You know that person who just always shows up? There is something to be said about Master Sergeant Trevor Christie. First off; he is the Material Management Non-Commissioned Officer in Charge for the 109th Air Control Squadron, Utah Air National Guard, Roland R. Wright Air National Guard Base. On top of his military duty, he works full-time and spends the rest of his time volunteering at Fisher House.
Trevor started at our Fisher House in August 2016. He has come almost every Friday, on his one day off, since then. He has given about 800 hours to serving our families and our staff. He does anything and everything; especially the physically demanding aspects that we need help with. My most favorite thing about Trevor is that no job is beneath him. As long as it is helpful to our veterans and their families, he is the first to show up. He is the first person at the door greeting our guests and asking them if he can carry their luggage or the first to ask the housekeepers if he can help them clean up the big mess that was left. He was the only volunteer emailing me each week during COVID to see when he could come back. Trevor likes to be busy. On light days at Fisher House, he also helps transport veterans around campus all the while coming and checking in on us every hour. He shows up. He always shows up.
When I think of Trevor, I think of him as one of the most selfless men I have ever known. I will never forget that traumatizing day when Trevor was a true hero and again showed up when we needed him. He and I were in the office, and we heard a guest screaming for help. He bolted out of that office so fast that I didn’t even have time to respond. We ran to the bedroom and found the veteran lying face down on the floor and his wife sitting on the bed, screaming and crying. Trevor fell to the floor to check his breathing. The veteran was gurgling and turning purple. Trevor immediately turned him over and started CPR while I activated emergency response. For some reason, that day, EMS took an exceptionally long time to get there, and Trevor never stopped doing CPR, despite the veteran not responding. He was determined to keep trying until EMS got there and continued the efforts. We watched together, as EMS finally called it, our faces white and defeated. We both sat with his wife as they lay a white sheet over the veteran in our hallway. Trevor showed up that day in a big way, not only for me but for the veteran’s spouse.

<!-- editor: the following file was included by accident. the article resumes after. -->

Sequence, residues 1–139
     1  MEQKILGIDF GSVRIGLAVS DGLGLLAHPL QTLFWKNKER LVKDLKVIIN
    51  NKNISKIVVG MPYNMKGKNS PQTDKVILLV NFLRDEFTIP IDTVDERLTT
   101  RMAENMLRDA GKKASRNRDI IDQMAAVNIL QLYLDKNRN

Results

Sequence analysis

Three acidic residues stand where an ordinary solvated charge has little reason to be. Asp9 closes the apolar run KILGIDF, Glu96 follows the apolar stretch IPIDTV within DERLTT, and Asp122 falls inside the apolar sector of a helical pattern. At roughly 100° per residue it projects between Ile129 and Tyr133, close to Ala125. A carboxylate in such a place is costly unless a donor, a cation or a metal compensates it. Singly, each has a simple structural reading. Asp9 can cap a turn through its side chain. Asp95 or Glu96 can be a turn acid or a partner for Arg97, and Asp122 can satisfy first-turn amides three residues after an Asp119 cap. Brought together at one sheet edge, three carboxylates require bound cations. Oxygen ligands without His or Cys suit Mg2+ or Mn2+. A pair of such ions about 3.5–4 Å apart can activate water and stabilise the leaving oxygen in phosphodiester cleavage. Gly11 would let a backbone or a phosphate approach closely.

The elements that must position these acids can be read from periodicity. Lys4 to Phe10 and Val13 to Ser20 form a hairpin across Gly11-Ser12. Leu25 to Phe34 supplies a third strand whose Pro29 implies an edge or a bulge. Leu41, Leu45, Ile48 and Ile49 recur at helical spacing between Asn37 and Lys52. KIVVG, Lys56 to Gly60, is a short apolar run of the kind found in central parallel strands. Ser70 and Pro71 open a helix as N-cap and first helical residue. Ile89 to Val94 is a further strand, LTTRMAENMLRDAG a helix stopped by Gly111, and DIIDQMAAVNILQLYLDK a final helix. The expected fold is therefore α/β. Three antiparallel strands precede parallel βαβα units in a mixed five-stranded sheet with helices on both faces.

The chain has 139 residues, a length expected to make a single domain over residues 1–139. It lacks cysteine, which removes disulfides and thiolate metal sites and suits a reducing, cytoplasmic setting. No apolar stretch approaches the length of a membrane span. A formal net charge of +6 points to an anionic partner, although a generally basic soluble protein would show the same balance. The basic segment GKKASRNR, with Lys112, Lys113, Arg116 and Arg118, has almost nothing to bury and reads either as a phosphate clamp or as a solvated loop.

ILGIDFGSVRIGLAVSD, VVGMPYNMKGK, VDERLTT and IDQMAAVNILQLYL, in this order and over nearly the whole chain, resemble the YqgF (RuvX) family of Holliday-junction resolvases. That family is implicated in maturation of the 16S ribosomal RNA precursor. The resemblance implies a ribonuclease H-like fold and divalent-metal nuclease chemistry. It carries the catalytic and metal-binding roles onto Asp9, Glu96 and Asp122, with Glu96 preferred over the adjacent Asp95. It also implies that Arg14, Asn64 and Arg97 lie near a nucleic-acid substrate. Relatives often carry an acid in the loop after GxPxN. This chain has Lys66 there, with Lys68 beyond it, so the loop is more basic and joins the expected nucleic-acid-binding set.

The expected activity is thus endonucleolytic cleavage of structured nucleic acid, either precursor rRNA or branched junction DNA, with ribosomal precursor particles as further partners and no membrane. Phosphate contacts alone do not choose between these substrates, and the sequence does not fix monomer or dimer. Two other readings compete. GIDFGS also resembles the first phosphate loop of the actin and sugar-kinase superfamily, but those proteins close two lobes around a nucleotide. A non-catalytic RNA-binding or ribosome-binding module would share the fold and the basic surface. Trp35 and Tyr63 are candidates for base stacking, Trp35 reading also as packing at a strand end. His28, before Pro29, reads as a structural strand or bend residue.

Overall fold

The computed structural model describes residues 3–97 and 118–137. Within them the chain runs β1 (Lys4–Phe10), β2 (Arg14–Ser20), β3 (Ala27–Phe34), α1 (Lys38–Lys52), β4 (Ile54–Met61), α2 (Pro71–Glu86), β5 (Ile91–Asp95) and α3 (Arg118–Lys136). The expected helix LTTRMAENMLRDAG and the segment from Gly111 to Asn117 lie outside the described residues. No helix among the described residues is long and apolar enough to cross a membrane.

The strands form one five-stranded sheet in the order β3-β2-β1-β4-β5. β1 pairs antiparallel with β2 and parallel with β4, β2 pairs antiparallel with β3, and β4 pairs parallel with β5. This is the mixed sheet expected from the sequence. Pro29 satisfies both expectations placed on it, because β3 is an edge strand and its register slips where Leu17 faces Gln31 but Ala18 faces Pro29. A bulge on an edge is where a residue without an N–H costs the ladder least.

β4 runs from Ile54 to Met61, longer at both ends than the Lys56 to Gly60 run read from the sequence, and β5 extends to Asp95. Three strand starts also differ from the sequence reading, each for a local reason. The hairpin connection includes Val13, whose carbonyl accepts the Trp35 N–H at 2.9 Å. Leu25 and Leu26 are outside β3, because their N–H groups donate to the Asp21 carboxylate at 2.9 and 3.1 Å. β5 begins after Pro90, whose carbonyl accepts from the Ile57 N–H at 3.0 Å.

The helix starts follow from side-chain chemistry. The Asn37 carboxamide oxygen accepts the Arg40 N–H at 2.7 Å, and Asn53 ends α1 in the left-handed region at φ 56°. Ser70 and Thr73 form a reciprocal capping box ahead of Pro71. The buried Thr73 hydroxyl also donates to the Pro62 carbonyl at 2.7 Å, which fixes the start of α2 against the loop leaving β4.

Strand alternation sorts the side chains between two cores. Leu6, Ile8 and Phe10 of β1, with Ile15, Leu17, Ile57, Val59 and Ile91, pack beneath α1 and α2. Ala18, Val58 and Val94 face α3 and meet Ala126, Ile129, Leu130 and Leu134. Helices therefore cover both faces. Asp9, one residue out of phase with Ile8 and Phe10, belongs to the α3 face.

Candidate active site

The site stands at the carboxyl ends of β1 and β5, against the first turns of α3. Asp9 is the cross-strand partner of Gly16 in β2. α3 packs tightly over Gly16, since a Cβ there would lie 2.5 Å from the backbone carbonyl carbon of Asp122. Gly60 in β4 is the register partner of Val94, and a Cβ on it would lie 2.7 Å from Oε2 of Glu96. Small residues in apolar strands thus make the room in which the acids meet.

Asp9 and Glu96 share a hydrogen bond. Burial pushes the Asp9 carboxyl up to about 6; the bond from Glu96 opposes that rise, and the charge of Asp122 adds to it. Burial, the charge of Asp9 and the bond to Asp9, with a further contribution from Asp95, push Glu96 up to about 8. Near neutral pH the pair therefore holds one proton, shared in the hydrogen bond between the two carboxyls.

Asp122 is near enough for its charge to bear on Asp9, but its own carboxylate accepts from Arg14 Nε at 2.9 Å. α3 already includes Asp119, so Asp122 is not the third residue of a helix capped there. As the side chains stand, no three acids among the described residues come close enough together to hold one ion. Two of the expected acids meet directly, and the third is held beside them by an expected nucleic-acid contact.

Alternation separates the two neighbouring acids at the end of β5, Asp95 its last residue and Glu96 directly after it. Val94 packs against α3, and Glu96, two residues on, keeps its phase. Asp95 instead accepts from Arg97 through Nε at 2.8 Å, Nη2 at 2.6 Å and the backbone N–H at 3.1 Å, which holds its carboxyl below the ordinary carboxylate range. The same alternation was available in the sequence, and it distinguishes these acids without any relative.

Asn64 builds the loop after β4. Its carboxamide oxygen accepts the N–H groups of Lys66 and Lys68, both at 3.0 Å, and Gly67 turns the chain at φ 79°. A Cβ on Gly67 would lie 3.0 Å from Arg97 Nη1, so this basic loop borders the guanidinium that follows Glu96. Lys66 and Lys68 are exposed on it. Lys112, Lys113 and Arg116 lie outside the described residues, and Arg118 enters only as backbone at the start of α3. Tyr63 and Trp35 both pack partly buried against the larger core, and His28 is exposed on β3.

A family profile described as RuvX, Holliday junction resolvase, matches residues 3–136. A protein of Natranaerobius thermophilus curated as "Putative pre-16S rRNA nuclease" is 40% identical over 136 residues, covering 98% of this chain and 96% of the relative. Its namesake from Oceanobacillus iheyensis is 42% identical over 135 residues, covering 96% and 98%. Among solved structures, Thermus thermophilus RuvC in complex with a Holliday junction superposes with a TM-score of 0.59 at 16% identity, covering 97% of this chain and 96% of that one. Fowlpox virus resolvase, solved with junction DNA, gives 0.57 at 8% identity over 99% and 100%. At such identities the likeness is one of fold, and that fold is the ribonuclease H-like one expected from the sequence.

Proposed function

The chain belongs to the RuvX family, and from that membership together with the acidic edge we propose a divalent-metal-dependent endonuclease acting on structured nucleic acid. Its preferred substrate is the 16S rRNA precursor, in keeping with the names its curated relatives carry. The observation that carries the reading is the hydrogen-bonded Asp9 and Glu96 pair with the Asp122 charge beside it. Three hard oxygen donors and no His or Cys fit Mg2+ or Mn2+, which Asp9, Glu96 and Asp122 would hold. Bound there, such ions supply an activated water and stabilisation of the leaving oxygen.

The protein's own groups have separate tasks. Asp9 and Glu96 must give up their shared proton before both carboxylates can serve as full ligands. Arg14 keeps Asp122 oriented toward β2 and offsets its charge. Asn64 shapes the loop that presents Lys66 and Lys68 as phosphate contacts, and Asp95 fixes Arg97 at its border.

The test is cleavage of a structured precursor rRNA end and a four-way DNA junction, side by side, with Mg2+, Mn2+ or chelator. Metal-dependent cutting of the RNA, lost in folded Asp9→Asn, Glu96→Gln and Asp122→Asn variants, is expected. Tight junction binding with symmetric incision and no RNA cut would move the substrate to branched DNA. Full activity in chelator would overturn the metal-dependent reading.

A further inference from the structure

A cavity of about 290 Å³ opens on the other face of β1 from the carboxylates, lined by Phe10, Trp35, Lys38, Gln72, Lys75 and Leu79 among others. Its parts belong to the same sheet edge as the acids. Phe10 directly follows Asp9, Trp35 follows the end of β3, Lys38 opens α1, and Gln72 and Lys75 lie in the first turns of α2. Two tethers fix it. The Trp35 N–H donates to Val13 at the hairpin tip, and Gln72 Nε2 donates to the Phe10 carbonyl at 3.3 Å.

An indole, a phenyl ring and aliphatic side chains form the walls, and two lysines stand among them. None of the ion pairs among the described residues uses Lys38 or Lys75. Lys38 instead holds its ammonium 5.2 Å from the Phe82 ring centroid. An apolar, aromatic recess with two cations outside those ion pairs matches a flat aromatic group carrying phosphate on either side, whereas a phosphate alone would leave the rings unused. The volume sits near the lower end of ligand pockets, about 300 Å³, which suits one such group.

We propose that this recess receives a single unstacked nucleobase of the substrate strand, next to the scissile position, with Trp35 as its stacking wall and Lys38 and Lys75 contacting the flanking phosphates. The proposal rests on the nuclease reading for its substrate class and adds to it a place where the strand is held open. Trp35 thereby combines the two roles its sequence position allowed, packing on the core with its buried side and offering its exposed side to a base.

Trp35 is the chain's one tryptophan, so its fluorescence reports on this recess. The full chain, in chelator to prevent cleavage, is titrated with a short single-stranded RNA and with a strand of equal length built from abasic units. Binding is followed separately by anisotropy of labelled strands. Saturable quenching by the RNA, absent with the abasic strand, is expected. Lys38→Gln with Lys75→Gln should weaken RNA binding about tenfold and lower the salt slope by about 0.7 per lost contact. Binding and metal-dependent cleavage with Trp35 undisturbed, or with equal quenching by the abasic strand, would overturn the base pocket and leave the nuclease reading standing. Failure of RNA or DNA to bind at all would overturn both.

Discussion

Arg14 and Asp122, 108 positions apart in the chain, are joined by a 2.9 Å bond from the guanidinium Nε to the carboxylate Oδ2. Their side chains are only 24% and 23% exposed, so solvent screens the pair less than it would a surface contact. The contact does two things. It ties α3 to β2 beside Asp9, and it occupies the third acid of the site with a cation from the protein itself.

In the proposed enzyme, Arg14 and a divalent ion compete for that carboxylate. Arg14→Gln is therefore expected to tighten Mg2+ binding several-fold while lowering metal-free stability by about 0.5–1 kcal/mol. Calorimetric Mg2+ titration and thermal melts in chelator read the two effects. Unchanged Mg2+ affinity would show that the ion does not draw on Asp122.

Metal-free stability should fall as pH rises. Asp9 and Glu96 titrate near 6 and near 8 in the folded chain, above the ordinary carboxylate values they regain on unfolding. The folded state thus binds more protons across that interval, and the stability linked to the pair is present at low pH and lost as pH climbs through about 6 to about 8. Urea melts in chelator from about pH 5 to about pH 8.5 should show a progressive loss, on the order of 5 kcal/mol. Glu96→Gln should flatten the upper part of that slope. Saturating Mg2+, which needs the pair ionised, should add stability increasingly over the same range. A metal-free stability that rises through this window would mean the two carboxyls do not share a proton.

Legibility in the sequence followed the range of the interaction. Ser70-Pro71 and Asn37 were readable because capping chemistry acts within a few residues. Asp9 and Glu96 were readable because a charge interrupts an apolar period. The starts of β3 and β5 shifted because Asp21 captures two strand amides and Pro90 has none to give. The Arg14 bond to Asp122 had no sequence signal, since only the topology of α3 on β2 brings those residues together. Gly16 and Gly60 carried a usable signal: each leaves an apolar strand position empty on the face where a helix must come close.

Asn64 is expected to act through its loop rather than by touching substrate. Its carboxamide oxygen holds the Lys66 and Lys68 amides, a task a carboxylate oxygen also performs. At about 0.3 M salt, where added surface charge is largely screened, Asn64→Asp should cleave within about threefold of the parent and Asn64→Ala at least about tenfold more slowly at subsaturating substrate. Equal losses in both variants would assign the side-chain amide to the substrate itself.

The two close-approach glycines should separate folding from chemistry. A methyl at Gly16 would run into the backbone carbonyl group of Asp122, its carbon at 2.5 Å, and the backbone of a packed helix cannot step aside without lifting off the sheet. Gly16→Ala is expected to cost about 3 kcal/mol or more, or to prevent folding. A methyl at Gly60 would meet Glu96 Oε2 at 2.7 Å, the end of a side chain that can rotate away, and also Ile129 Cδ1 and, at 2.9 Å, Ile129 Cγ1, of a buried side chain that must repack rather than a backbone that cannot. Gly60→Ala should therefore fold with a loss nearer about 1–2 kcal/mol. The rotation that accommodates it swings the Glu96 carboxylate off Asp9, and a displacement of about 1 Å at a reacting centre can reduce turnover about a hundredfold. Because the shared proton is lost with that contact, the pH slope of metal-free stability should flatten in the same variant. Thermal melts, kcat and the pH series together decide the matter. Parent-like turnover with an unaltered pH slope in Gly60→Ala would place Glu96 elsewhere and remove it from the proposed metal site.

I was afraid this emotional event would stop Trevor from coming. I think for many it would have. But he continued to show up, even though it was difficult for him to walk through our doors and be reminded of losing a fellow veteran that he tried so hard to save. He continued to be there for our families and for our home. He was presented with an I-CARE award from our VA leadership for his bravery and heroism that day. He is a true hero in so many ways. Being little in stature, there are many physical tasks I cannot do. But I know I can count on Trevor to help me. He is a man who always shows up, and I could not be more honored to nominate him.